Consider again, the example Private Stanley Mellish’s death in Saving Private Ryan and its reboot in Snowpiercer. The original scene is commentary on the decimation of European Jews by the Nazis. Slow, remorseless, methodical, a dagger stabbed straight into the heart of a people the Nazis had once lived side by side with. Mellish’s death is interior and intimate in stark contrast with the battle raging outside the walls: rockets flying, bullets whistle through the air, the shouts of men and the collision of tanks and artillery with the town’s buildings.
In Snowpiercer this scene lacks gravitas. The murderer has no prior relationship with his victim, a mute acrobat whose existence is never quite explained. Likewise, any implication about the cruelty of one group of people towards another, analogized by Mellish’s death, is rendered generically obsolete in Snowpiercer.
Let’s go even deeper, riding Gardner’s wave all the way back to the preeminent source of inspiration for this movie: director Terry Gilliam. It is his work that is most responsible for the tone of Snowpiercer. Right away, any doubt that his presence is aboard the train can be dismissed in toto: John Hurt’s character, the original rebel, is called Gilliam.
Brazil is the Gilliam film Snowpiercer is most indebted to. This singular work is itself a slapdash recreation of Fritz Lang’s masterpiece Metropolis. But, whereas Lang’s dystopia is done with Teutonic straightforwardness, Gilliam’s Brazil embraces the absurdist aesthetics he developed as a founding member of Monty Python. Brazil is quintessentially Kafkaesque, a treatise on the grotesque result of a hyper-bureaucratized world in which absolute order leads to absolute chaos.
This paradox, omitted in Metropolis, is central to Brazil. Gilliam draws upon the absurdity and farce in the works of Eugene Ionesco, Samuel Beckett, George Orwell and Franz Kafka. With this consistency of tone and theme, Brazil is a work that has and will withstand the test of ages.
When such scenes of absurdity are borrowed for use in Snowpiercer, on the other hand, they stick out… like a frozen arm. For one thing, the central paradox is fundamentally different. In Brazil, it is that absolute order results in absolute chaos. In Snowpiercer, it is that through revolution, order is reestablished. For another thing, this paradox seems more like an afterthought than a guiding premise.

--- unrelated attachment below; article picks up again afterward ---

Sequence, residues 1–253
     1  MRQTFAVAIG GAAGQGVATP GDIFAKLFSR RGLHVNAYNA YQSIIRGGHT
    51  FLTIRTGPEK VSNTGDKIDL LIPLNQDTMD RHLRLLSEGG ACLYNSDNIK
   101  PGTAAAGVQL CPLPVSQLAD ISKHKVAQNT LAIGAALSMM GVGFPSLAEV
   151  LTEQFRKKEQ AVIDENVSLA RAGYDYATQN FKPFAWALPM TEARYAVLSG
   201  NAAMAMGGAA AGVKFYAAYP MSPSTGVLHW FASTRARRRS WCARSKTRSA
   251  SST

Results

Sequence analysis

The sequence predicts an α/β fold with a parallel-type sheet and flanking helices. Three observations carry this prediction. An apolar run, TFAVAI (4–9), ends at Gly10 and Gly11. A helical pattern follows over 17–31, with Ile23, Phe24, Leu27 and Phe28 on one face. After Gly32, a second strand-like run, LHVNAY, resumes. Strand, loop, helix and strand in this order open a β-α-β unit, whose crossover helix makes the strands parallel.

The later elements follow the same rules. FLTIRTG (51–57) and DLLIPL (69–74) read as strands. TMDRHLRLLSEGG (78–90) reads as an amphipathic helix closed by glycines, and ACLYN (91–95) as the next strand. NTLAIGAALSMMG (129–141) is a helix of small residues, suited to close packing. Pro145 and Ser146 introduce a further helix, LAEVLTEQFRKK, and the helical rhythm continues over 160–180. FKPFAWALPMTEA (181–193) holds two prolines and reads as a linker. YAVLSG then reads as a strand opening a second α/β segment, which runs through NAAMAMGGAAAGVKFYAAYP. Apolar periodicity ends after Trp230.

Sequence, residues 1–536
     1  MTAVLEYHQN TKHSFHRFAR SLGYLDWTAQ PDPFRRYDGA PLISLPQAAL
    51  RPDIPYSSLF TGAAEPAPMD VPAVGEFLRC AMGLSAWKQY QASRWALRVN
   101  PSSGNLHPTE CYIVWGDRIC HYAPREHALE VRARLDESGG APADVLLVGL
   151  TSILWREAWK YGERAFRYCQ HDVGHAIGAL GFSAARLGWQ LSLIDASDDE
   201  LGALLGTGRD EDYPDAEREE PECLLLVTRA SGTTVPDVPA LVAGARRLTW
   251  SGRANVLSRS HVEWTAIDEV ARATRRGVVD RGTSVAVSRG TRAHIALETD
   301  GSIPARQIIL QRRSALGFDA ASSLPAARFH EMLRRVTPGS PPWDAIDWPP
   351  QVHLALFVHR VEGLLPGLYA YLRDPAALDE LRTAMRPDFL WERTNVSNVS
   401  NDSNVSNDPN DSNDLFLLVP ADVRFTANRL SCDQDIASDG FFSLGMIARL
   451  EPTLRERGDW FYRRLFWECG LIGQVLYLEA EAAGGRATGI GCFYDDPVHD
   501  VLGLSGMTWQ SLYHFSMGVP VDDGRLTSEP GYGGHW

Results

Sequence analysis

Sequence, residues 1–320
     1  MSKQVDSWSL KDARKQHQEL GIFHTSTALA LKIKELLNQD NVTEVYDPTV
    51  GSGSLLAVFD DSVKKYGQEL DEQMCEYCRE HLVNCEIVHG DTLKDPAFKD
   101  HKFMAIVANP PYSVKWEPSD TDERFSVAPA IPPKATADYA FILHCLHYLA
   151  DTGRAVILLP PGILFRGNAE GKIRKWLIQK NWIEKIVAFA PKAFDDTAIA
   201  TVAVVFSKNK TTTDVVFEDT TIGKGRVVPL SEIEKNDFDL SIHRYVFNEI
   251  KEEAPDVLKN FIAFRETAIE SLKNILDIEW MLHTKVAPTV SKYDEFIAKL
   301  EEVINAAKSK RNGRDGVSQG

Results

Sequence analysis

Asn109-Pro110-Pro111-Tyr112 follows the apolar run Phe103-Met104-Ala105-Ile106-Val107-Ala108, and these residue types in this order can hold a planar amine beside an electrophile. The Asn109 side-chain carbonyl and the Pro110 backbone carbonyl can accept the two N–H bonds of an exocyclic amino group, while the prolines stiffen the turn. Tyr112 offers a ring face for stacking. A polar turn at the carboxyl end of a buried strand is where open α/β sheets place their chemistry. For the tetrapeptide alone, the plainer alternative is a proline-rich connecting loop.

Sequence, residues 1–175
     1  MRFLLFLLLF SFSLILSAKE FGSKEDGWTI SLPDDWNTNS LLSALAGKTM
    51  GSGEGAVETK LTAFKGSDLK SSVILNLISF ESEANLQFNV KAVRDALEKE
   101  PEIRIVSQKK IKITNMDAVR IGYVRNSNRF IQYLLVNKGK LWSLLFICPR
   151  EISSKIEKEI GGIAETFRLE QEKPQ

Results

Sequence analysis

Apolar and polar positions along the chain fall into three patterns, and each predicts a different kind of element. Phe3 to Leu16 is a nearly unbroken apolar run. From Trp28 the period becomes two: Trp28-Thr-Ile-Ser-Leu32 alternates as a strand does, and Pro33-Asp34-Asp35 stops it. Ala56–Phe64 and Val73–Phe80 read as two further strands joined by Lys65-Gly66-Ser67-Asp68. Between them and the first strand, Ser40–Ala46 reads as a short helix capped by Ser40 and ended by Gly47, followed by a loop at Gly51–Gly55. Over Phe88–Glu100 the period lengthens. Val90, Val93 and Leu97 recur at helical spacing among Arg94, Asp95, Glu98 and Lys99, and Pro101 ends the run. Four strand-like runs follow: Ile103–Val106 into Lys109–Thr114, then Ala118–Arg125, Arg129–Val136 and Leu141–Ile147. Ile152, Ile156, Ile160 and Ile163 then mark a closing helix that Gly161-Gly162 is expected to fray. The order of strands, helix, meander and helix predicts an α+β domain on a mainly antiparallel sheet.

It is a brilliant oxymoron no doubt, but it gets lost lost in this tundra of high concept ideas, like a snowflake in a blizzard. After all, having too many themes is the same as having none: like the guy who chases too many girls at the club, invariably returning home alone, Snowpiercer, by aspiring to too many themes, ends up with none.
This lack of cohesive direction accounts for the irregular quality of the performances. Though not necessarily dialed in, they are befuddled and random. It’s as if in each scene the actor has a different motivation. Chris Evans is at once savior and villain, everyman and uberman, at times angry and spiteful, at others calm and calculating. Ed Harris’s Wilford is particularly egregious. With two models to draw from, Willy Wonka and the Wizard of Oz, he elects for the safety of non-expression rather than risk smashing the two together. The two might have some similarities: puerility, duplicity, etc. but at core they are quite different.
There are other things I could harp on and grumble about, but I ought to stop. The truth is I’m only spending so much time deconstructing this movie because I really wanted it to succeed. What a great premise! What a brilliant cast! What a creative director! How could any film buff worth his salt not want it to succeed?
In the end, however, Snowpiercer’s motives are suspect and thus, fail it. Director Bong Joon-ho seems hell-bent on making a cult classic. Very rarely are such projects planned in advance, however. Most of the time, like every other movie, a cult classic begins with the intention of being a Money-Maker, a Blockbuster, a cash cow. Often they flop or go unnoticed for years before finding their audience in a new era.
Snowpiercer may yet go on to become a cult classic, but I doubt it. Rather and unfortunately, I think it will be lost to memory, a snowflake in a blizzard, remembered as the little train that couldn’t. A near miss, an amazing convergence of international talent that in the end became a pile-up, a beautiful train wreck.